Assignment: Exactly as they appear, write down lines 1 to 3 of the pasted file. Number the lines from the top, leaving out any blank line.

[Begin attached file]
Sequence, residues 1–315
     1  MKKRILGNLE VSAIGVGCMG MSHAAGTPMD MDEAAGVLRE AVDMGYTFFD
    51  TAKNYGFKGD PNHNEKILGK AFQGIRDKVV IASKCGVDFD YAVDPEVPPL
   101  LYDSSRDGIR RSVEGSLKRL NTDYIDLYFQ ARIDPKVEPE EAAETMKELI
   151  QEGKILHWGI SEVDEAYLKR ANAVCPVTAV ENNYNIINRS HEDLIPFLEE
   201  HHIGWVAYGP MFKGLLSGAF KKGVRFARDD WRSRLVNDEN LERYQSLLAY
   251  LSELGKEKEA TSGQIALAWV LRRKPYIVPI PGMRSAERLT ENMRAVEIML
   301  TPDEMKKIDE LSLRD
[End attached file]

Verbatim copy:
Sequence, residues 1–315
     1  MKKRILGNLE VSAIGVGCMG MSHAAGTPMD MDEAAGVLRE AVDMGYTFFD
    51  TAKNYGFKGD PNHNEKILGK AFQGIRDKVV IASKCGVDFD YAVDPEVPPL